Too often, retailers put a less experienced team on mobile as an afterthought. This “B” team will not perform as well as the more experienced talent working on bricks-and-mortar or online sales, and when the “B” team fails, it appears that mobile has failed.

“I can build out as many processes and tools as I want, but I need top talent to make the shopping process fulfilling,” said Lisa Kueffel, vice president of client service at Sephora.

When building your “A” team responsible for your mobile site and mobile app, be sure that your talent acquisition department is looking for people who are analytical, know how to create a great user experience, and can test and learn quickly.

Candidates should also have experience developing and measuring an array of key performance indicators (KPIs).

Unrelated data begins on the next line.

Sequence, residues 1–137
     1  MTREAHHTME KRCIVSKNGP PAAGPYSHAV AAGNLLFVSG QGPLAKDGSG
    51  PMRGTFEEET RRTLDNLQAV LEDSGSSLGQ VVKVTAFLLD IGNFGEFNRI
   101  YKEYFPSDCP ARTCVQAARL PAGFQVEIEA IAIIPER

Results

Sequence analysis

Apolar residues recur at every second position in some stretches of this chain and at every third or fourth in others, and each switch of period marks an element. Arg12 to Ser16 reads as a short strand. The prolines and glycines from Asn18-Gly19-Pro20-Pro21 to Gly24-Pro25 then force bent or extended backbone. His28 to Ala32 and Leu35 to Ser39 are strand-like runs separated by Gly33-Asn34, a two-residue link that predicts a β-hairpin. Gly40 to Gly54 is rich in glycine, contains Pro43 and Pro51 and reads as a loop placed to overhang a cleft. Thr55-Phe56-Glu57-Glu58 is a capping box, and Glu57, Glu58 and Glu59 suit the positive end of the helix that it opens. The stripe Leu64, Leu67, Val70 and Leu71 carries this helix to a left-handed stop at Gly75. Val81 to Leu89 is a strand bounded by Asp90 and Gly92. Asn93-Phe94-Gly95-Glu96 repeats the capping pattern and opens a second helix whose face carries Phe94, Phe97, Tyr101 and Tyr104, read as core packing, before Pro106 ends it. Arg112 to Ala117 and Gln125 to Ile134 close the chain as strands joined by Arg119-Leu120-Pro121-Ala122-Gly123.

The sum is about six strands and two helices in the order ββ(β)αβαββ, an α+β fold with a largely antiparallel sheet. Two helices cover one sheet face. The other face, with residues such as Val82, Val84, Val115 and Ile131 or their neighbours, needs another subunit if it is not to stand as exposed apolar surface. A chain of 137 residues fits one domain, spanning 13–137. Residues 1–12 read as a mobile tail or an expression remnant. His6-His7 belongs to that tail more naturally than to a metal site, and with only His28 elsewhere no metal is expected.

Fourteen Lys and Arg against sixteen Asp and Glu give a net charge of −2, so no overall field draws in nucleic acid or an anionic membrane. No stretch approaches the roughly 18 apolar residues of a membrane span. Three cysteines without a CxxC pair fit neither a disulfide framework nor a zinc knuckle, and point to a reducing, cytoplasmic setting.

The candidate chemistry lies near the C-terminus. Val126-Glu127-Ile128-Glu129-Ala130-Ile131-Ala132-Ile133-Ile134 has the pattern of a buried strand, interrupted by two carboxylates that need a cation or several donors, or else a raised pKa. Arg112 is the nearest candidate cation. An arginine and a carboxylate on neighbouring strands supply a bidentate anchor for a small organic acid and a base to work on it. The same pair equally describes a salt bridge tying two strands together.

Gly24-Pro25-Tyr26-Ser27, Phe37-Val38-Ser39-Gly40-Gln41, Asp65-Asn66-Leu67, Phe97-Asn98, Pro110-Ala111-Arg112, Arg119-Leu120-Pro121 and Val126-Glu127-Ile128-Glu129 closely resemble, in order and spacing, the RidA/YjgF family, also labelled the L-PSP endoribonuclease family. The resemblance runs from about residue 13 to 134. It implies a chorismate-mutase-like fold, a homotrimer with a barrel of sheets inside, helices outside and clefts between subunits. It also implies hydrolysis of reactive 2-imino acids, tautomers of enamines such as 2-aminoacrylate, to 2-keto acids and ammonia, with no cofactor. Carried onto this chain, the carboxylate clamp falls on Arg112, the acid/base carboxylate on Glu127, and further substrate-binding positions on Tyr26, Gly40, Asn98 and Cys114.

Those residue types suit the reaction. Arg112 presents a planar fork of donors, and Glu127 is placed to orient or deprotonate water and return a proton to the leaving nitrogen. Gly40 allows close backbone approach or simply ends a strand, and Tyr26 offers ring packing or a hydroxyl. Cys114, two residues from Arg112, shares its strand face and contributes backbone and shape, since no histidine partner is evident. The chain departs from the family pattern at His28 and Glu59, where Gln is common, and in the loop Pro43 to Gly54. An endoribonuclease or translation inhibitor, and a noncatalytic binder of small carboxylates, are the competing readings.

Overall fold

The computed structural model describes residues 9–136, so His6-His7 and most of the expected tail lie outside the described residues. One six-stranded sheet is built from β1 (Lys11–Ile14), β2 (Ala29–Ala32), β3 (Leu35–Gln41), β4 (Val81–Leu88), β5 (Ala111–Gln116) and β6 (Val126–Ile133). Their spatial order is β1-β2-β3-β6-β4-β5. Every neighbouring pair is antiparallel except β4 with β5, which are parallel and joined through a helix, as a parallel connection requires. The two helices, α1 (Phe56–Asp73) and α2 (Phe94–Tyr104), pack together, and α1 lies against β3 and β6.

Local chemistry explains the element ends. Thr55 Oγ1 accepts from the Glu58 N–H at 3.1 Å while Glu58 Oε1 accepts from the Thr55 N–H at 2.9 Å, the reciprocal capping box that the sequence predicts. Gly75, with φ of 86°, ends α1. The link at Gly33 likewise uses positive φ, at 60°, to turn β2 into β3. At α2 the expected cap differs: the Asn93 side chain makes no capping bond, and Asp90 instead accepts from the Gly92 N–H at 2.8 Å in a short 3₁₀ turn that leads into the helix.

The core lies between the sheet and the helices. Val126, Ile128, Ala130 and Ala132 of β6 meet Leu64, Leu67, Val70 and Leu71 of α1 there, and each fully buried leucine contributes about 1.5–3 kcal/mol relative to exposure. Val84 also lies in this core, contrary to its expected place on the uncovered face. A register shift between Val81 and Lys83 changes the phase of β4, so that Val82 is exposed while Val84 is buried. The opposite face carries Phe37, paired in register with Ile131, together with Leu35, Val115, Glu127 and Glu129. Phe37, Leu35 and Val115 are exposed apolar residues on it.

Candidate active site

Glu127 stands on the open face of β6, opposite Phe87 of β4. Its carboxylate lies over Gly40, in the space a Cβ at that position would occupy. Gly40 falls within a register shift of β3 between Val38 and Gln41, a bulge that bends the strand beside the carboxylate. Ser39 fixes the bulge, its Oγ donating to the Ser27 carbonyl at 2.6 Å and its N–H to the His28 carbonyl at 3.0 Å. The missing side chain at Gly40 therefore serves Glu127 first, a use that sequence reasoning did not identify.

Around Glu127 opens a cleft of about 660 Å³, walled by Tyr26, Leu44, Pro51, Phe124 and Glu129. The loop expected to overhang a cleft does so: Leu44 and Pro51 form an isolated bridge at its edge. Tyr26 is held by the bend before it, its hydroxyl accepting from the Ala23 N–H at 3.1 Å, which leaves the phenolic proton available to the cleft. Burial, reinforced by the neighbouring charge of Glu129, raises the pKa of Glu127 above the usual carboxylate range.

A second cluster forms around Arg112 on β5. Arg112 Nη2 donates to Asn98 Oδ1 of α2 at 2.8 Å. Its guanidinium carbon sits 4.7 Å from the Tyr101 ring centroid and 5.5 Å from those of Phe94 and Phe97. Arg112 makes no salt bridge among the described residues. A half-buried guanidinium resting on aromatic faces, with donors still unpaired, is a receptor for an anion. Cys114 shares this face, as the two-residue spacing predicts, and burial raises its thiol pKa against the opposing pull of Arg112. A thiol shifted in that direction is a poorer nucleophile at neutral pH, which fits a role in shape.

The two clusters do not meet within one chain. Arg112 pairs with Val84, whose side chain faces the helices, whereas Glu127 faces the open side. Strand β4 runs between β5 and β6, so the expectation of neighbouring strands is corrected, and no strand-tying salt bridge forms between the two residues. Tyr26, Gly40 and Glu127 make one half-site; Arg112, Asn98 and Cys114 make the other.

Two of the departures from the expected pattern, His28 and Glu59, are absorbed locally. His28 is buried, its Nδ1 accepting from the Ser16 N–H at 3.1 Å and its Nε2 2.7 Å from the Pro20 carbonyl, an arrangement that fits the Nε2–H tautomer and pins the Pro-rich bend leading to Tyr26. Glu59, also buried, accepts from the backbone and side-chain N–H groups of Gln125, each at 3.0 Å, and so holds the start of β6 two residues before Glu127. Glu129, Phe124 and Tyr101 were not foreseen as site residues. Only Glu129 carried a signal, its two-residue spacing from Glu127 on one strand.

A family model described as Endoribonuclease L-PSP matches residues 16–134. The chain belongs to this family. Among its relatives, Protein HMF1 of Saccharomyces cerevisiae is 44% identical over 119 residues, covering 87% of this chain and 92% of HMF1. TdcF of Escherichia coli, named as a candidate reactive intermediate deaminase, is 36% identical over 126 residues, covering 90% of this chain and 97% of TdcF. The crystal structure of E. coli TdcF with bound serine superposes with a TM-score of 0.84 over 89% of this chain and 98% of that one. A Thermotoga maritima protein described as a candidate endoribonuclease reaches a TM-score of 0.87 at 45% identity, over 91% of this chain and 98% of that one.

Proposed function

2. Learn and adapt to how customers are using mobile
If you cannot beat a competitor head-to-head on price, speed or otherwise, the way to win is to provide a better customer experience (CX), whether in-store or online.

So, build a relationship with your customers, creating an attachment to your brand, and delivering what they are looking for – before they even realize what they need.

That extra level of efficiency and relevance yields an extra emotional connection.

Forrester Research explains that a key part of a great customer experience is context.

Users want distinct experiences on mobile devices versus desktop.

On desktop computers, they expect to browse, search and compare. On mobile, they are less interested in searching and simply want what they are looking for to be there waiting.

The growing options among mobile commerce technologies can help your company match the customer mindset.

For example, personalization tools provide customers with unique product recommendations and add-ons based on location, preferences and purchase history with your brand.

Site search tools that auto-complete as the user types and deliver the right results make the mobile experience faster and more relevant.